City employee Ana Navarro is not an ordinary administrative specialist.
In addition to performing her daily duties in the office of Laurel City Council Clerk Kim Rau, which includes performing social media tasks and administrative support, Navarro, who speaks fluent Spanish, is often tapped to leverage her language skills in service of the city's booming Hispanic population.
"If you look at the U.S. Census data, the Hispanic population in Laurel has tripled [in the last 10 years], so obviously it is something that is very important to us," said Pete Piringer, the city's Director of Communications.
The value of connecting with that population demographic has been made more evident by Navarro, who began working at the city in September 2012. A handful of times each day, the 27-year-old Hyattsville resident makes her way to the front desk to aid Spanish-speaking city residents.
"According to the last census, I believe the Spanish-speaking population in Laurel was around 15-17 percent," said City Council President Fred Smalls. "That's significant. It's very important that our city government is able to communicate with all of the city residents, and certainly for the larger population groups, having someone like Ana is very important."
In addition, Navarro also translates the city's literature and press releases into Spanish, and helps when Spanish speakers come to the city to apply for passports. To meet an increase in passport requests, starting Jan. 6, the city's passport application office will expand its hours from three to five days a week.
Navarro, a graduate of Northwestern University, said the Spanish-speaking residents she has talked to at the front desk are grateful for her presence.
"In my own life I've helped family members when they go to places where they knew that there was no Spanish speaking person," said Navarro, whose parents immigrated to Maryland from El Salvador in the 1980s. "Hopefully, the word will get out and more Spanish-speaking people will come in."
Navarro said that while residents are grateful, there is more that the city can do.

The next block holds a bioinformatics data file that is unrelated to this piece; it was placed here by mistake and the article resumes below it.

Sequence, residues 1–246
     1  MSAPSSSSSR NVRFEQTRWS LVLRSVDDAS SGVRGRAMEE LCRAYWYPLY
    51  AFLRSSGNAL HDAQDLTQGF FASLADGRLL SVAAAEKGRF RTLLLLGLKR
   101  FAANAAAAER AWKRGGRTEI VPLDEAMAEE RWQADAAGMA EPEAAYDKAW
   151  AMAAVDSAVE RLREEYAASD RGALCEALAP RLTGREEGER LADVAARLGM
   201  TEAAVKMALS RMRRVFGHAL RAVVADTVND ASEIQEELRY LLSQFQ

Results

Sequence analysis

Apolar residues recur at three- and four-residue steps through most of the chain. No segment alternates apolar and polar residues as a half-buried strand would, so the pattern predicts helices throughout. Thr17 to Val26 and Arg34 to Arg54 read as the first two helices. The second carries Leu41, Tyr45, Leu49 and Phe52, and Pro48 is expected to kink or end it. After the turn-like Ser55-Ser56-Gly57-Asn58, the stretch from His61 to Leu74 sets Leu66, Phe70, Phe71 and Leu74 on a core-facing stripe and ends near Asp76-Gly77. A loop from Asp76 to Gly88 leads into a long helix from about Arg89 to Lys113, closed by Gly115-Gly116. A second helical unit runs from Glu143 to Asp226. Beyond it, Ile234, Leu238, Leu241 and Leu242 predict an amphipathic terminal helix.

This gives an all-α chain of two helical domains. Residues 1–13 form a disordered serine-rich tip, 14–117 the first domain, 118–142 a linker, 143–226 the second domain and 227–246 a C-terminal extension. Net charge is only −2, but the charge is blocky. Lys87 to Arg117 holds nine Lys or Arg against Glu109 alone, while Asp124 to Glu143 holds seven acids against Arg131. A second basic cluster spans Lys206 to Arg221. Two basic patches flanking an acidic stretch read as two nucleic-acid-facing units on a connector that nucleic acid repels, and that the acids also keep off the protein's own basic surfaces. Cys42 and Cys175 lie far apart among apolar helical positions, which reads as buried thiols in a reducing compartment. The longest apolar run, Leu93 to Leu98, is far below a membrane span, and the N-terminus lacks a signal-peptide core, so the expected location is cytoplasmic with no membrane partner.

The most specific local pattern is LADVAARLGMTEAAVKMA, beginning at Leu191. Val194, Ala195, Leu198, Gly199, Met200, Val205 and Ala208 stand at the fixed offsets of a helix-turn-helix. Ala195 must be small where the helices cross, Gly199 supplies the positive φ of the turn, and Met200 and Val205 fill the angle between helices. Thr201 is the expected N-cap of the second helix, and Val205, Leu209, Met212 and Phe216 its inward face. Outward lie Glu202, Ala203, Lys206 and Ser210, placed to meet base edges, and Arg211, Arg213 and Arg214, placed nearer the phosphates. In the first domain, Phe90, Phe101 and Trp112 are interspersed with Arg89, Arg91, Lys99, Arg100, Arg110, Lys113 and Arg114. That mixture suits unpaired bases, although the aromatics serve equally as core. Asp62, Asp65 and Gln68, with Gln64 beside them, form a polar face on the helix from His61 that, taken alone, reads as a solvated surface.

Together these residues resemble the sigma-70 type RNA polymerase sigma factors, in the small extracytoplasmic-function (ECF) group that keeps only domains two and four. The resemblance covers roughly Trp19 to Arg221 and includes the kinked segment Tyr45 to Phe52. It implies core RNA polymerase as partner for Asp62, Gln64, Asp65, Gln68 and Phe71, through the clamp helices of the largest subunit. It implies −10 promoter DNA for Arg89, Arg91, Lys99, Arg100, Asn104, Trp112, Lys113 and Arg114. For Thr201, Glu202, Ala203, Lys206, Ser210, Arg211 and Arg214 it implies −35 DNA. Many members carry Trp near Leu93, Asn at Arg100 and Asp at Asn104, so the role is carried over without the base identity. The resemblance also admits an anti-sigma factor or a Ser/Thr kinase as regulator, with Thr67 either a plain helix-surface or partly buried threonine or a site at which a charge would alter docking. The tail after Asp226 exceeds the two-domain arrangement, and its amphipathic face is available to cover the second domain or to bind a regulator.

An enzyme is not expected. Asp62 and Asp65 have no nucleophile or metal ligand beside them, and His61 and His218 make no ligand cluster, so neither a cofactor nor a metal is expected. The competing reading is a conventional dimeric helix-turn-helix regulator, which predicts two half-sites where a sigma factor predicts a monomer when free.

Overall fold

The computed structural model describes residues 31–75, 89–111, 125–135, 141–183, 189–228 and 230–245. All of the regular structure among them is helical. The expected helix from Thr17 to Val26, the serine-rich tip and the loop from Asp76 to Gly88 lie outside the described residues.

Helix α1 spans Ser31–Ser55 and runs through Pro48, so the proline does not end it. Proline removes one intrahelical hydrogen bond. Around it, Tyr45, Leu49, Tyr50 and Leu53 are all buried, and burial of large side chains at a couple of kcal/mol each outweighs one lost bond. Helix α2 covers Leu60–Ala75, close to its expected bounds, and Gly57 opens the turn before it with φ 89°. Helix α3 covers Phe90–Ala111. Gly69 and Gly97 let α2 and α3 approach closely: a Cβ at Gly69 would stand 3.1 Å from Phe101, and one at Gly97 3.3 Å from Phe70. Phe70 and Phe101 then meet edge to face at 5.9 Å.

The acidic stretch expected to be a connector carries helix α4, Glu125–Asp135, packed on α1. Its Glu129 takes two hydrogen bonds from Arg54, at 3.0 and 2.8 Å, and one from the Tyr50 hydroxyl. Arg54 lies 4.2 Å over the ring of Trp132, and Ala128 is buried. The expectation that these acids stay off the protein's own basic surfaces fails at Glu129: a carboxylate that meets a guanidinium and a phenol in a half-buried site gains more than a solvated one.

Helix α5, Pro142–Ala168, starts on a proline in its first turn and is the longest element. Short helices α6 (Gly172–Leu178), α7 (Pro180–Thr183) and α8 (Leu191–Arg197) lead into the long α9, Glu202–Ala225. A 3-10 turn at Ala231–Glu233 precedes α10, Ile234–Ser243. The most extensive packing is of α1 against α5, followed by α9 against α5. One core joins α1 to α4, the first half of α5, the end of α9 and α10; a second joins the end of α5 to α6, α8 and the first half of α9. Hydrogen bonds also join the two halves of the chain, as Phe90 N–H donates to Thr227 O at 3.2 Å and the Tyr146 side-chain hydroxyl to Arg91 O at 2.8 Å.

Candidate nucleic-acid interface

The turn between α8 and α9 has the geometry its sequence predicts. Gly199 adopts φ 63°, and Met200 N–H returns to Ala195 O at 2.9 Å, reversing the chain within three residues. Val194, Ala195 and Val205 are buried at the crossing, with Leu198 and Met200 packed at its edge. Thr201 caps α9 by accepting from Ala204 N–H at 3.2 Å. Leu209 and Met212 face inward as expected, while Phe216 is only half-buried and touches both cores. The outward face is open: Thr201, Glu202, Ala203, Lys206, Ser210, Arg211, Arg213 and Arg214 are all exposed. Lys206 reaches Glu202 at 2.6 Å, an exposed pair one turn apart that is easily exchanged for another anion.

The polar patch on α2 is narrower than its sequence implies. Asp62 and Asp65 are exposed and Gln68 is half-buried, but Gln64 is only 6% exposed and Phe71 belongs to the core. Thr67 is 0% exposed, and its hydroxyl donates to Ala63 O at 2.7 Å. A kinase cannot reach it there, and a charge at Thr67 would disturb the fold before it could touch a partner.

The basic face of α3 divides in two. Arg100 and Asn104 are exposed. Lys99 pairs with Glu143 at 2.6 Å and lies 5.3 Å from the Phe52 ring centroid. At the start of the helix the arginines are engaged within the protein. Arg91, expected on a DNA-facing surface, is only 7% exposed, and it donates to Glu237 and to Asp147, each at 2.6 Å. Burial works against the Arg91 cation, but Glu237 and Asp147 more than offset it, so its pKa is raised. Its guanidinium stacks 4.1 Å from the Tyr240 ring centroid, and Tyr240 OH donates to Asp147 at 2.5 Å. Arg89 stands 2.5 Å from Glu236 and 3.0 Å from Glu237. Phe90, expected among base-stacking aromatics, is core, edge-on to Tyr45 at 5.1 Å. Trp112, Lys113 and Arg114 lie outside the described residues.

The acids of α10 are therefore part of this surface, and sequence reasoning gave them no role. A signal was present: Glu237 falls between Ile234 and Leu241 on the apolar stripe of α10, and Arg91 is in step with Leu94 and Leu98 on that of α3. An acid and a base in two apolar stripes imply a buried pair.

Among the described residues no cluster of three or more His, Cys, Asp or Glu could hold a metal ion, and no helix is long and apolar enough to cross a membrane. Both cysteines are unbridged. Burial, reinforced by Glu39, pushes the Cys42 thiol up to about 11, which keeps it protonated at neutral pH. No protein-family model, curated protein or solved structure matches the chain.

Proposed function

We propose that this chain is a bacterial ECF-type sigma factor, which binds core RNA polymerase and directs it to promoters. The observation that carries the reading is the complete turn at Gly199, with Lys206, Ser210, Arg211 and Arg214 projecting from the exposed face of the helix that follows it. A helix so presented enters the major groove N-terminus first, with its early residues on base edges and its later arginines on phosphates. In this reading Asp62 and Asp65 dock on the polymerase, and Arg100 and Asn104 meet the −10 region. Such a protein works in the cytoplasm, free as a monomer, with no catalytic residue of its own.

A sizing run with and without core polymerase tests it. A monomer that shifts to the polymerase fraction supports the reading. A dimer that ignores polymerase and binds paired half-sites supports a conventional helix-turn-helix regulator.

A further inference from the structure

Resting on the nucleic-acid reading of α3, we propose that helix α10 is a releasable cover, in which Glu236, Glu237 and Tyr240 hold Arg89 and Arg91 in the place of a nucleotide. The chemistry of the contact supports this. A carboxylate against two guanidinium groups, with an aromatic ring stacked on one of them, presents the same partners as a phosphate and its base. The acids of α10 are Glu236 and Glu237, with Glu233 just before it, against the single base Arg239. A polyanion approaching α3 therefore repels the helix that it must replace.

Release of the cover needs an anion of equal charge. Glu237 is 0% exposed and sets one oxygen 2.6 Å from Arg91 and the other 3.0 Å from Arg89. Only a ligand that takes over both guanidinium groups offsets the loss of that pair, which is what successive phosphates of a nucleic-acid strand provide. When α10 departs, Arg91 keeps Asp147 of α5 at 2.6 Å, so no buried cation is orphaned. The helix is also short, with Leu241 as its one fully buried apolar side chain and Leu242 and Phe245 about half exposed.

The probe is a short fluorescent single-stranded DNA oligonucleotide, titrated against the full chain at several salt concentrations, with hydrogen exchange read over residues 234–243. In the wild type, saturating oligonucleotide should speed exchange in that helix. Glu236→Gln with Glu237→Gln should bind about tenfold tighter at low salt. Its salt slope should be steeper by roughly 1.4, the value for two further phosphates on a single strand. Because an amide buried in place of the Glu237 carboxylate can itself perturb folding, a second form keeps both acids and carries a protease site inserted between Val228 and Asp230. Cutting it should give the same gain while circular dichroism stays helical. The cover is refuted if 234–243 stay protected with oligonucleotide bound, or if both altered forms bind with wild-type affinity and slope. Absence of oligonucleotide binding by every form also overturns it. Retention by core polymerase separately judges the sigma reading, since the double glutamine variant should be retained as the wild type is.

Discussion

"There is a lot that needs to be done," Navarro said. "It's not that the Hispanic community doesn't want to participate; it's that they don't know what's going on or feel comfortable with it."
Rau agrees, and said she has many ideas for how the city can improve its outreach to the Hispanic population, and Navarro would likely play a large role in facilitating that outreach.
"That's one of the things I'd like for us to do in 2014, to help better serve the population, know what the restrictions are and get them more involved," Rau said.
According to Rau, Navarro's position was not envisioned for a bilingual Spanish speaker. However, given Navarro's success, it might behoove the city to move toward hiring more bilingual employees, Piringer said.
"In general, that's a desirable quality we look at in employees," Piringer said. "We expect that demographic to continue to grow, so that will continue to be very desirable."
In vacancy announcements, Smalls said the city includes "the ability to speak a foreign language is a plus.
"It allows us to do further outreach to our community," he said.
While Navarro is helping the city "bridge that gap," Smalls, too, said more should be done.
"In terms of any population group that doesn't speak English — Middle Eastern, Hispanic, Asian — we need to do a lot more to bring those folks into the city government," he said.
While the city makes use of Navarro's skills every day, it proved especially useful during the November elections, Rau said.
Navarro translated all of the city's voting materials, including the voter guide, into Spanish, Rau said, in addition to aiding Spanish-speaking residents who came to the city prior to Election Day.
"It's hard to measure how effective the effort was," Rau said. "But I was very pleased we were getting the word out to the Spanish-speaking population."
Rau said she plans to expand Navarro's role in the elections as she gains more experience.
Piringer said the base Navarro helped build during this year's election will help the city moving forward.
"We are going to build on that foundation, which we can thank Ana for building," he said.
And although Navarro didn't necessarily sign up to be the city's conduit to the Hispanic community, she doesn't mind the extra work.
"It's normal for me to help and translate," Navarro said. "I'm glad to do it."
Reporter Sara Toth contributed to this story.Copyright © 2015, The Baltimore Sun